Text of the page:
Royal charm in Eastern Germany.

Part of what I am trying to do here is to make people aware that there are, in fact, very pretty places in Eastern Germany, and particularly in Brandenburg. (Why would people think that this isn´t the case? Read this post.) I am the first one to admit that there´s still lots to do in terms of decent restaurants, and capable doctors, and HIGH SPEED INTERNET, but the landscape? Pretty spectacular. You totally should plan a holiday there! And maybe stay in this lovely little castle that now is a hotel. 

We came across this place by accident when we did a little sightseeing tour with my mom who was visiting the other weekend. It was blazing hot this day so we just had some refreshments in the castle´s cafe and then explored the huge park a bit. It´s very beautiful there. 

There´s even a fancy little pavilion that overlooks the pond. You could totally pretend to be in some Downton Abbey scene. 

The castle is part of a very pretty little village, complete with a restaurant that actually looked good! 

God, it was hot that day. Still is, actually. How is the weather where you are? I have to say I am looking forward to autumn. I might be a little sick of the heat and the mosquitoes. 

PS: This post hasn´t been sponsored by any tourist agency and/or the hotel. I am just happy to come across beautiful places and want to share them.


In the heat of the summer.

It´s really hot around here. It´s good news for the farmers I guess who have been harvesting the grain from the surrounding fields all weekend long. I will admit that even in the third year here, these huge harvesting machines do scare me. Once all is done though, it´s a very pretty sight. 

Ludwig does not like the heat but he loves runnnig over the empty fields. Also look how beautiful and grown-up my dog looks. 

On hot days like these I am grateful that this old house with its massive walls keeps so cool. Those old farmers certainly knew what they were doing. 

I´ve been eating a lot of what I call my "hippie lunches". Which means that I take whatever looks good in the kitchen garden and prepare it in the simplest way possible: Grate carrots, add lemon juice and olive oil, eat. Fry huge pieces of chard, add an egg, eat. The tomatoes are almost ripe now so I foresee a lot of tomato salad in my future.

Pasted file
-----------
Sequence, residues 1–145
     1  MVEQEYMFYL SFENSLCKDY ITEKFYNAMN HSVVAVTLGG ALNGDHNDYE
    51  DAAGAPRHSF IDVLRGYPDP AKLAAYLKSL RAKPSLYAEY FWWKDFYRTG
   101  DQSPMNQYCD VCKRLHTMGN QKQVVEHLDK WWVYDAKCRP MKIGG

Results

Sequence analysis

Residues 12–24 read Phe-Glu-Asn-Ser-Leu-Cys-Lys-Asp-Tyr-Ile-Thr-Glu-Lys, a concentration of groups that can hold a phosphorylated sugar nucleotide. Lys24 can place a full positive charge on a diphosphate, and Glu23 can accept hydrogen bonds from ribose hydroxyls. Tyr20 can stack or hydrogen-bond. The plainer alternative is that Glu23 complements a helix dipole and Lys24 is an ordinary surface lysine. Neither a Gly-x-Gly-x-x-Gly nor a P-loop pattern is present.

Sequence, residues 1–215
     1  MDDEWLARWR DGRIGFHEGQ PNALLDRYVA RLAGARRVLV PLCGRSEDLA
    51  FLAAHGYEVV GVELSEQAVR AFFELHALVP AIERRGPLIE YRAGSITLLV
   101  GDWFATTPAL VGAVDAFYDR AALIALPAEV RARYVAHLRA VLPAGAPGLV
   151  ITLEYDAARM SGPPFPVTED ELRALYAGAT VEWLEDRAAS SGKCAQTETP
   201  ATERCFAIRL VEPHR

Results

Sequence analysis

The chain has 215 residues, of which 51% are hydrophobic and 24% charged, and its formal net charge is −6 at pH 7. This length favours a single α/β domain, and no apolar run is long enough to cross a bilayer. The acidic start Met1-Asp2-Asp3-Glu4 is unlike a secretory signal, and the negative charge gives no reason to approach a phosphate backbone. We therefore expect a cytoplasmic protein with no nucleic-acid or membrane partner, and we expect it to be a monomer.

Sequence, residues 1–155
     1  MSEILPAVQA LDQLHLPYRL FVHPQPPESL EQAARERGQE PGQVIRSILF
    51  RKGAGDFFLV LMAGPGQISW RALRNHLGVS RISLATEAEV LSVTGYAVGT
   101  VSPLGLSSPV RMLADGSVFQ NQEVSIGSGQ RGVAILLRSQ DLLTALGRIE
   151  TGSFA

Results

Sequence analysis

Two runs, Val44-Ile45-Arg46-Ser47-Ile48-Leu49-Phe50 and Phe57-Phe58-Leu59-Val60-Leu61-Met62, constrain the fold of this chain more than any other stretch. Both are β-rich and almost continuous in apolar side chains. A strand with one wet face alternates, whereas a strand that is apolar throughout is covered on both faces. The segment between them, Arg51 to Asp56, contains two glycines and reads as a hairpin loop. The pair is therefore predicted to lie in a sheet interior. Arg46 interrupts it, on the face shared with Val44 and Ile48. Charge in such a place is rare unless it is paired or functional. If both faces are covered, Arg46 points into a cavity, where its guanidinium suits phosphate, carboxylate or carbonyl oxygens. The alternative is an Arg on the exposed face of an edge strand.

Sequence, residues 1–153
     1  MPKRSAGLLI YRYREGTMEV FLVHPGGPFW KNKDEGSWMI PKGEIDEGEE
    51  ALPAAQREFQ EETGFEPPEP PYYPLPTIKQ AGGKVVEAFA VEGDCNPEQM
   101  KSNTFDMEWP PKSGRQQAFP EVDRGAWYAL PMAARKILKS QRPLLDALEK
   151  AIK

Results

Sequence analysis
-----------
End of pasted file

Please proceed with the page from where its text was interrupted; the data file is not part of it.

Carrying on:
The garden isn´t taking the heat well. A week of storms and now such extreme temperatures - it´s not a great recipe for a good looking garden. Lots of perennials which were about to bloom two weeks ago just gave up I think. I´ve been fretting over this a lot but only today I decided to just calm down and enjoy these rare hot summer days. The garden will recover or not. It is what it is, always.

And look, how pretty, the rudbeckia is blooming. I´m annoyed by this plant for most of the season so it is a joy to see everything looking good for once in front of the house. - Stay cool, wherever you are!  


The kitchen garden, July edition.

The kitchen garden has really started to produce over the past few weeks. We´ve been swimming in sugar snaps, salads, radishes, cucumbers and carrots. The beets are almost ready too. The zucchini are a little disappointing, but I have a feeling we´ll get there eventually. I´ll harvest the first batch of green beans and kohlrabi this weekend. 

The tomatoes are doing very well. I´ve grown two Ukrainian varieties this year since they are supposed to fare better in our climate that can be rough. So far, things are looking promising.

The cabbage bed is a beauty. As every year, there definitely are some damages from the cabbage fly, but I think there´ll be plenty for the two of us. We are going to eat lots of sauerkraut this winter! 

Hard to photograph but this year´s chard is a beauty too. I tried a colorful variety this year (red and yellow) and it looks so pretty. Tastes good as well of course. After last year´s glut I thought I could never eat chard again but clearly I was wrong. 

Our giant potatoe patch with some runner beans in the background. Last year all of our potatoes drowned and it is a joy to see them thrive this year. Now we only need to figure out storage. Our basement is too wet, so I think I´ll give our barn a try this year. Any recommendations?